The Mysterious Louis Freeh

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WASHINGTON: Dan Burton wanted a cage match on Capitol Hill: Janet Reno versus Louis Freeh. Instead he got musical chairs.

The Republican-led House Oversight committee had scheduled the pair to testify separately, hoping to draw out Freeh's support of an independent counsel. But Freeh was determined to present a united front; he wanted to sit at Reno's side. So, Democrats introduced a resolution to that effect; it was defeated. Freeh settled for a seat behind Reno, at her elbow (at least they'd be pictured together.) And loyally waited for six-and-a-half hours while his counterpart testified. Observed TIME Washington correspondent Elaine Shannon: "Aides were dropping like flies."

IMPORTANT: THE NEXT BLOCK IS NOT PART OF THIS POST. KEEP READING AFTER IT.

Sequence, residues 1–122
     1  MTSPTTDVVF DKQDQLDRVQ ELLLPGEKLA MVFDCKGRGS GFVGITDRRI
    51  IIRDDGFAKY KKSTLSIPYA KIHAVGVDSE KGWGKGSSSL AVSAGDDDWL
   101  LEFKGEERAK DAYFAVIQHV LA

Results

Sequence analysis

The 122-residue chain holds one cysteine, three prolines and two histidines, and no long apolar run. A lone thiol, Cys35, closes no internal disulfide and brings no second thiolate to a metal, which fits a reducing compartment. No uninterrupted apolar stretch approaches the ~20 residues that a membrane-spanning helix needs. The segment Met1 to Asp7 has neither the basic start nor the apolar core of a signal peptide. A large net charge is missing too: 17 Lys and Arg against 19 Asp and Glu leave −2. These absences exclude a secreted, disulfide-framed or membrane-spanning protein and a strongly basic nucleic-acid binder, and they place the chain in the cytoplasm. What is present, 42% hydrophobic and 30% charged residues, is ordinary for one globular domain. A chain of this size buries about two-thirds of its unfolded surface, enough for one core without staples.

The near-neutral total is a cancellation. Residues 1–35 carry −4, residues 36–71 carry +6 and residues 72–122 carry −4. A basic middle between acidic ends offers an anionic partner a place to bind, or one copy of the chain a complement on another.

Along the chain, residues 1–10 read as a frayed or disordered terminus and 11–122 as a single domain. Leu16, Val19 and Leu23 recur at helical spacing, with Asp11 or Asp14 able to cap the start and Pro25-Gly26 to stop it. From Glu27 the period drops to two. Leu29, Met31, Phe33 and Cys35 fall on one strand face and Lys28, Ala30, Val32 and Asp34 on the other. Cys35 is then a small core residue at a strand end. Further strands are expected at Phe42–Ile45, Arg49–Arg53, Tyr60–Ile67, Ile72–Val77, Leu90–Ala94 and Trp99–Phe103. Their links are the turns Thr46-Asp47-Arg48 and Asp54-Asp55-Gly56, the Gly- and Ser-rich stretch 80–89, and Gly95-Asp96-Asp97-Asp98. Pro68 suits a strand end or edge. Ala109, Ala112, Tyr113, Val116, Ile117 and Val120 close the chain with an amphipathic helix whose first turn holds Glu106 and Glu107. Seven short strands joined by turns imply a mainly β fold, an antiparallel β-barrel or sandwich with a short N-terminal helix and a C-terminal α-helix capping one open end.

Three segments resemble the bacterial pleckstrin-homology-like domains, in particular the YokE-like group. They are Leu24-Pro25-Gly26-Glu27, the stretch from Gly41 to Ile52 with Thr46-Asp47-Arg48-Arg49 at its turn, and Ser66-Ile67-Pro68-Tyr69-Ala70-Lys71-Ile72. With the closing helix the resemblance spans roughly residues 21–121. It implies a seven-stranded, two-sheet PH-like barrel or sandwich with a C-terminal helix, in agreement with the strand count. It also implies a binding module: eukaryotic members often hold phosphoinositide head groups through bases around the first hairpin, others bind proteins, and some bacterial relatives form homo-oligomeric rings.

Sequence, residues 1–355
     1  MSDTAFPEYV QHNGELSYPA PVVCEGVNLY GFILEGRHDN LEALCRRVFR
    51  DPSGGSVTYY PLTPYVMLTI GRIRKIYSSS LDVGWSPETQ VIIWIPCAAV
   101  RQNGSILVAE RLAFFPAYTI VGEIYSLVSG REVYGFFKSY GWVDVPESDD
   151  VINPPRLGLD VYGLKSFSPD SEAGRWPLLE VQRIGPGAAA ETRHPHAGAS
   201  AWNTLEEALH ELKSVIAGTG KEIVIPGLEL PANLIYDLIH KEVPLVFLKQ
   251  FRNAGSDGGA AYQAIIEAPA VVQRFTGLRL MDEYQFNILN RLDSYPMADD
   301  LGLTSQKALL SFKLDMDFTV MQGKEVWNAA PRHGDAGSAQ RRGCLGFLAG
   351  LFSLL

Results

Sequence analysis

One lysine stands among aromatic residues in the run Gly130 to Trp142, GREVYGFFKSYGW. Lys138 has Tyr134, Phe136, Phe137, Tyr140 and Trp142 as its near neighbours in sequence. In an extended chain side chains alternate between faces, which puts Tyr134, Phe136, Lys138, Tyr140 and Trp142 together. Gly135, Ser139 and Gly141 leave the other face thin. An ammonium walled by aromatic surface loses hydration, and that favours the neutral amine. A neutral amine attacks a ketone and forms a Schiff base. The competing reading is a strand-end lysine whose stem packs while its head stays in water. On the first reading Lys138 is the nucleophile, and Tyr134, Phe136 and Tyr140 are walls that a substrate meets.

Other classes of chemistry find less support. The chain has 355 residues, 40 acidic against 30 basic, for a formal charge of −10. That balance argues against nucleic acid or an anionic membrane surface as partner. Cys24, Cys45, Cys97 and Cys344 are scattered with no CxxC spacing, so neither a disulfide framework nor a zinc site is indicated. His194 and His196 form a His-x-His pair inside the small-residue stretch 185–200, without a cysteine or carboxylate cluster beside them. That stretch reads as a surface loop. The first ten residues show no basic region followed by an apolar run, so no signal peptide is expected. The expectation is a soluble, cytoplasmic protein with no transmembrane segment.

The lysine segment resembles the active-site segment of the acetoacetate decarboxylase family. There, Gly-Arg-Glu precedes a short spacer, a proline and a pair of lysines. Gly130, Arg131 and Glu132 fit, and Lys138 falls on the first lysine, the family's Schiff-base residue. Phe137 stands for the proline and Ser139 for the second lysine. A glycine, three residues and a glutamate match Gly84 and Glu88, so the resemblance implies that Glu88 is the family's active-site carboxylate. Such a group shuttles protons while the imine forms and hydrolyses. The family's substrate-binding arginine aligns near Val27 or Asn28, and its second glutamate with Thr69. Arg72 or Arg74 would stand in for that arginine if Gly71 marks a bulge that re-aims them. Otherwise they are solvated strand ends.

When Reno finally left the stand, Freeh artfully deflected pointed questions about his reported unhappiness with Reno and her Justice-led probe. Of course, had the FBI chief wanted a united front, he might have started earlier. Shannon points out that the Reno-Freeh split went public on reports from Freeh's own aides. "And he's very much in control not the type to have genuine leaks."